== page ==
Aug 13, 2015

Glowing slime, lasers and lights – 2015 National Science Week

I look forward to joining students tomorrow at Canterbury Public School to kick off National Science Week.

Tomorrow’s event, coordinated by the CSIRO through its Scientists and Mathematicians in Schools program, is one of many taking place across the nation.

It aims to reinforce the importance of Science, Technology, Engineering and Mathematics (STEM) education for Australia’s future.

STEM professional Marc West, from the Defence Science and Technology Group will also attend and students will be teaching me more about the science of light.

Glow in the dark slime, bending lasers and light refraction through mirrors are all on the table as part of tomorrow’s lesson.

It’s a timely reminder that investing in education and research is critical for our future.

We know that 75 per cent of the fastest growing occupations today require skills in Science, Technology, Engineering and Maths (STEM), and employment in STEM occupations is projected to grow at almost twice the pace of other occupations.

Yet in 2012 only 16 per cent of higher education students in Australia graduated in STEM-related subjects, compared with 52 per cent in Singapore and 41 per cent in China.

Labor is committed to investing in STEM, research and innovation to build and sustain the jobs of the future.

Labor has announced initiatives that will prepare our children, our workforce and industries for the changing economy.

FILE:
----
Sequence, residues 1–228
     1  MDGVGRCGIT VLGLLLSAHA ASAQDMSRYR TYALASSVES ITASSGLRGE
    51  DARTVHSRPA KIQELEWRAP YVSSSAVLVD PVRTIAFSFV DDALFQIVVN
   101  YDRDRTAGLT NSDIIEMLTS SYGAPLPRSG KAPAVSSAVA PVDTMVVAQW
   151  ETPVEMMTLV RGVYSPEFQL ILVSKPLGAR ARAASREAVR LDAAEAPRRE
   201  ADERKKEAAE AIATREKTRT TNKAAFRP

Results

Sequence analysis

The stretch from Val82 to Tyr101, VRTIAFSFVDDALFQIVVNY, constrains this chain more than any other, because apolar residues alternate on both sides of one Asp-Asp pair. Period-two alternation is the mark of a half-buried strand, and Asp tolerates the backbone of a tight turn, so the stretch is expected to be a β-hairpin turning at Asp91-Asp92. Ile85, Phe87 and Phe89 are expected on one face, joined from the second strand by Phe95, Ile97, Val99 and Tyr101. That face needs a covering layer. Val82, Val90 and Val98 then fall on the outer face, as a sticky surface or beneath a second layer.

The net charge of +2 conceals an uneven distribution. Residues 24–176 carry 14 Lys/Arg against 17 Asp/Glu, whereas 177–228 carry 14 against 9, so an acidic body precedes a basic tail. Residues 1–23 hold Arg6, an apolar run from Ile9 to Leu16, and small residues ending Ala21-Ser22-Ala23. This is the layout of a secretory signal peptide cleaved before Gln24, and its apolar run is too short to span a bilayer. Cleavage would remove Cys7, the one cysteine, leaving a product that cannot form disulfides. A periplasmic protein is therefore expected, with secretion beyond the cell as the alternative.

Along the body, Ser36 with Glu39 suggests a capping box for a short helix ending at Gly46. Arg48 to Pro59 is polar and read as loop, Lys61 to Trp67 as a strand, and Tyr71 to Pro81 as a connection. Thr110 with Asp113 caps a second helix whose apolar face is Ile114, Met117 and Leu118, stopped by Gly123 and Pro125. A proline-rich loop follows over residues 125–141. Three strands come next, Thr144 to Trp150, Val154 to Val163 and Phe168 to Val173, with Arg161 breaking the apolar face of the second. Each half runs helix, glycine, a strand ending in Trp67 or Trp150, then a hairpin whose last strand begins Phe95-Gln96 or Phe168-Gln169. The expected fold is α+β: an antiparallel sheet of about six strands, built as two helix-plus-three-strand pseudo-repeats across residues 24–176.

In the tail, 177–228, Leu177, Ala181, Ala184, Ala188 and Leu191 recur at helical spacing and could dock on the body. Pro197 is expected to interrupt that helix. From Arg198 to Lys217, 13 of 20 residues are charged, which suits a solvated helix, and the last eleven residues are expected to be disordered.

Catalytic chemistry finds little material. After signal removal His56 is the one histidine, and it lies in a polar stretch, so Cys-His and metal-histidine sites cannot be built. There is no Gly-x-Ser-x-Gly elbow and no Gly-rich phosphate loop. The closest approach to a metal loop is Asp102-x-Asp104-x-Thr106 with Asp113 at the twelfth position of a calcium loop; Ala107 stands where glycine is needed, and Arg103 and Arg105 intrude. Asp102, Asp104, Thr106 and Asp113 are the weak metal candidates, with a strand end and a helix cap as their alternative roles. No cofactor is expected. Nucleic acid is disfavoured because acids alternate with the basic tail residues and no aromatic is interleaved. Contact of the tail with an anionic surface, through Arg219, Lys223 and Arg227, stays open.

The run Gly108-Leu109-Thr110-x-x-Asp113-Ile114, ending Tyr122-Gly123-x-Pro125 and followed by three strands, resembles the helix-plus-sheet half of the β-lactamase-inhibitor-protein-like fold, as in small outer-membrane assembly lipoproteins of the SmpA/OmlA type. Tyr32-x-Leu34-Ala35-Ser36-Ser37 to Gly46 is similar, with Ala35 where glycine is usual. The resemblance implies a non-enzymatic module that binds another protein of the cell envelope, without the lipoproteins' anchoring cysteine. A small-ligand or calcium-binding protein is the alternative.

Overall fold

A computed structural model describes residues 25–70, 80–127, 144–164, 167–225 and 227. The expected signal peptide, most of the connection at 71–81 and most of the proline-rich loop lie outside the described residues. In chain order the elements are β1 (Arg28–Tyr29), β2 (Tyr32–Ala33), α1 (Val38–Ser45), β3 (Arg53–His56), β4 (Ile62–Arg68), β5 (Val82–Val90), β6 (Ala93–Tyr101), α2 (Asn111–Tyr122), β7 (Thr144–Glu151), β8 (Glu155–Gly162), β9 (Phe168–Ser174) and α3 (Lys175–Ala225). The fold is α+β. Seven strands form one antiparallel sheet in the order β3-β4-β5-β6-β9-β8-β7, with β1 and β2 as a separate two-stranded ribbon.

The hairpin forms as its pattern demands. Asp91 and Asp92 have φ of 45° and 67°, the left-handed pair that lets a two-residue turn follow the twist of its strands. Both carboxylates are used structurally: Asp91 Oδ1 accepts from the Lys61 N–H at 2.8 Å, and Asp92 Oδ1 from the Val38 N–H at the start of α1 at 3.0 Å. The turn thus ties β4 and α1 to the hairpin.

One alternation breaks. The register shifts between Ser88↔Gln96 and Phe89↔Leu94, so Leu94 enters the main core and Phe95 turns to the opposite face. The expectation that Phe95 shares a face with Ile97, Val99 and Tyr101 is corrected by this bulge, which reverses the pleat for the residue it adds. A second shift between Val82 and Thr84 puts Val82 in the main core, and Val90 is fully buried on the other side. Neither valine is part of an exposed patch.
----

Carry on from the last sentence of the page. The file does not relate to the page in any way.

Labor will:

  • Establish a STEM teacher training fund to support 25,000 primary and secondary school teachers over five years to undertake professional development in STEM disciplines.
  • Encourage STEM graduates to teach, by offering 25,000 Teach STEM scholarships over five years, to address the shortage of qualified teachers. Recipients will get $5000 when they commence a teaching degree, and $10,000 when they complete their first year of teaching.
  • Provide 100,000 STEM Award Degrees – 20,000 a year for five years – which will provide a financial incentive for students to enrol in and complete a STEM undergraduate degree, in recognition of the significant public benefit of growing Australia’s STEM capacity. STEM Award Degree recipients will have their HECS debt written off upon graduation.
  • Give every child in Australia the opportunity to learn coding and computational thinking in school.

I congratulate the CSIRO on their work in coordinating tomorrow’s event and thank Canterbury Public School for hosting me.